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  • Hamsini Hariharan

Here's why China wants us to know that it was the frontline of the Second World War

This article first appeared in CNBC TV-18 on August 24, 2020 and can be accessed here.

On Thursday, at a meeting with veterans, Chinese President Xi Jinping said, "The Chinese people will never agree with anyone or any force that attempts to distort the history of the CPC and stigmatize the nature of the CPC." This speech is not remarkable except for one key point – 03 September is China’s newest national holiday, commemorating the end of World War II.

Last week, Victory Day saw Xi Jinping, along with top members of the Standing Committee of the Chinese Communist Party (CPC), laying wreaths at the Museum of the War of Chinese People's Resistance Against Japanese Aggression in Beijing. World War II has played an essential role in shaping China’s view of itself, mainly because it seeks to project itself like a phoenix rising from the depths of the “century of national humiliation.”

While Victory Day has been celebrated in Europe and the USA on 08 May as the day Germany surrendered, most Asian countries celebrate it on 15 August to mark the date on which the Japanese Emperor Hirohito announced Japan’s unconditional surrender.

It is only as recently as 2014 that China first began commemorating its Victory Day on 03 September, the day the Japanese army in the country formally surrendered to the Chinese government. At the same time, the government instituted two other national days – Martyrs’ Days on 30 September and 31 December as the memorial day of the 1937 Nanjing Massacre. While the move might have been sparked by then hostilities with Japan over the disputed Senkaku/Diaoyu islands, it is intended to tap into Chinese nationalism.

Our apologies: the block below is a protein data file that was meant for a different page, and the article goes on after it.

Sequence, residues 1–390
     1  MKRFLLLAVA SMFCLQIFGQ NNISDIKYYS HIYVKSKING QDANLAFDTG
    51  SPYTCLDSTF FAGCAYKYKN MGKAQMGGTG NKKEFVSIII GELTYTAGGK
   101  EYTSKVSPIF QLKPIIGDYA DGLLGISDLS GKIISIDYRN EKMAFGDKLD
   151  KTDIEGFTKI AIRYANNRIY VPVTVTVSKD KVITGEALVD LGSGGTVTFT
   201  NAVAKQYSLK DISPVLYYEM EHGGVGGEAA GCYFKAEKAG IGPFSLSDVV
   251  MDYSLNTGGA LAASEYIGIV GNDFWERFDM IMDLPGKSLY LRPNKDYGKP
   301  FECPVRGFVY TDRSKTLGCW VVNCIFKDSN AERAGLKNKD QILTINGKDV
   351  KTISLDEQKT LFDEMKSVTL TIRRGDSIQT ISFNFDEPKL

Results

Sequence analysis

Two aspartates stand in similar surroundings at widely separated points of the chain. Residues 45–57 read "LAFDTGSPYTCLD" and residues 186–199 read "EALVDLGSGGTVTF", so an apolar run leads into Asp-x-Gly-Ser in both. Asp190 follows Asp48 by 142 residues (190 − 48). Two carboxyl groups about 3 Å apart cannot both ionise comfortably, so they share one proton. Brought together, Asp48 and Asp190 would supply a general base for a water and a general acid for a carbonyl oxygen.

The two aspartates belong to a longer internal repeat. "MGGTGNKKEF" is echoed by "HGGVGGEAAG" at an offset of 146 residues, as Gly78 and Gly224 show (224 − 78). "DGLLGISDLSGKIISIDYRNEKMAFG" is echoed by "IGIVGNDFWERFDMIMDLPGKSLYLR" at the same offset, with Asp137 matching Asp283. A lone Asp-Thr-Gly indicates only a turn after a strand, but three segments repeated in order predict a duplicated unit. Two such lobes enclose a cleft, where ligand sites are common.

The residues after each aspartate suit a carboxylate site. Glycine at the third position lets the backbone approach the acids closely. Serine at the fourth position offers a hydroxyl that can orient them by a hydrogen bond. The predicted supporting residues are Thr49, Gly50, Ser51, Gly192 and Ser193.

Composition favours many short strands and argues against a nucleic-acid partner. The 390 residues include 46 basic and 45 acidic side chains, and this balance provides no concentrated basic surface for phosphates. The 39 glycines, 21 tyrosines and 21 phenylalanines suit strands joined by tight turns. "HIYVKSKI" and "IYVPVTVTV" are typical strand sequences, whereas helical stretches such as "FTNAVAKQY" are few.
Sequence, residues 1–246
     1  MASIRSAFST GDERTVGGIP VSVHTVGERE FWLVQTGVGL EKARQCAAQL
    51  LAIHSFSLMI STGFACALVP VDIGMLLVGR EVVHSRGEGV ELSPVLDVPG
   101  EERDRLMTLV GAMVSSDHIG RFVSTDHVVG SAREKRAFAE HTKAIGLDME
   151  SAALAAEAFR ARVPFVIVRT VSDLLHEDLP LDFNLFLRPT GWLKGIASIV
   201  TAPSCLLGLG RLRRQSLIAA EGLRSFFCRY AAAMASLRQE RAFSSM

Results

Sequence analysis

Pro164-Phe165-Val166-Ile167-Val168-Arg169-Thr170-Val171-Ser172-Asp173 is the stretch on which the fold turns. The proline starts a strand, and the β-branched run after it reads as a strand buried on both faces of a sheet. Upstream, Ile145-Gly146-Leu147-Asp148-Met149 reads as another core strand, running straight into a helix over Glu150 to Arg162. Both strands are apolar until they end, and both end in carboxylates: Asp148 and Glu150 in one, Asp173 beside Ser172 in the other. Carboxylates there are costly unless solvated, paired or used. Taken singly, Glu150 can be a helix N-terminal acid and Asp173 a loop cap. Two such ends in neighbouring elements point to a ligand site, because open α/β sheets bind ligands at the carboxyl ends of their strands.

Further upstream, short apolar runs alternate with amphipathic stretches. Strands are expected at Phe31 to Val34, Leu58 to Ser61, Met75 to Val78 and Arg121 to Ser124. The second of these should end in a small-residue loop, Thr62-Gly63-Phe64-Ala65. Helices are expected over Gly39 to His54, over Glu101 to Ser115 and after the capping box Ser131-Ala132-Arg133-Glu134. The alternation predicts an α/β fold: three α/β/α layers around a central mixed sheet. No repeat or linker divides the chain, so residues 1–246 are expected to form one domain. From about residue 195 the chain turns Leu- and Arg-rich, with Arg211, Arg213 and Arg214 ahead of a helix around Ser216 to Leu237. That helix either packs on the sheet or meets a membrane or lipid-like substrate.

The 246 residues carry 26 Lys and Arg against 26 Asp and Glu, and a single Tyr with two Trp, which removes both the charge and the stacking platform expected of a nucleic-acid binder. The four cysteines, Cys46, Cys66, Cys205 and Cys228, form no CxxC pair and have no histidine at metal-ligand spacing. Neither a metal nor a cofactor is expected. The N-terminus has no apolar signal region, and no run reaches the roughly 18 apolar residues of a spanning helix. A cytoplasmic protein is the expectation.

Rana Mitter in China’s Good War, says that “As China’s ambition to reshape regional order and cement a national agenda at home come together in the 2010s and 2020s, the memory and legacy of the wartime years will continue to provide an important framework for understanding an often nebulous topic: how today’s China constructs ideas of its own nationhood and of its place in the international community.”

In 2015, China arranged a huge military parade to mark 03 September, which was unusual since parades are generally limited to National Day on 01 October. This year’s affair celebrating the 75th anniversary of the end of the Second World War was much more muted but still marked. The CPC wants us to remember that China suffered one-third of all causalities during World War II and that it was the main battlefield against Japan. In the current climate of the global recession caused by the pandemic, China wants to project itself as a country that spearheaded efforts to fight the virus.

Asian efforts in World War II are often forgotten. India’s volunteer army of 2.5 million soldiers hugely contributed to the Allied war effort. However, narratives of the war in Asia are complicated because of the politics around them. This raises critical questions about national memory. As people (who have direct experience with the war) get older, how do we make sure that the narratives of the war are not hijacked by nationalism? At the same time, how do we hold space for our historical experiences and trauma with occupation and colonization?

Much of this goes back to essential questions of international relations. Who creates narratives? Who controls them? Who benefits from them?

Both Chinese and Indian citizens would do well to ponder the answers to these questions.

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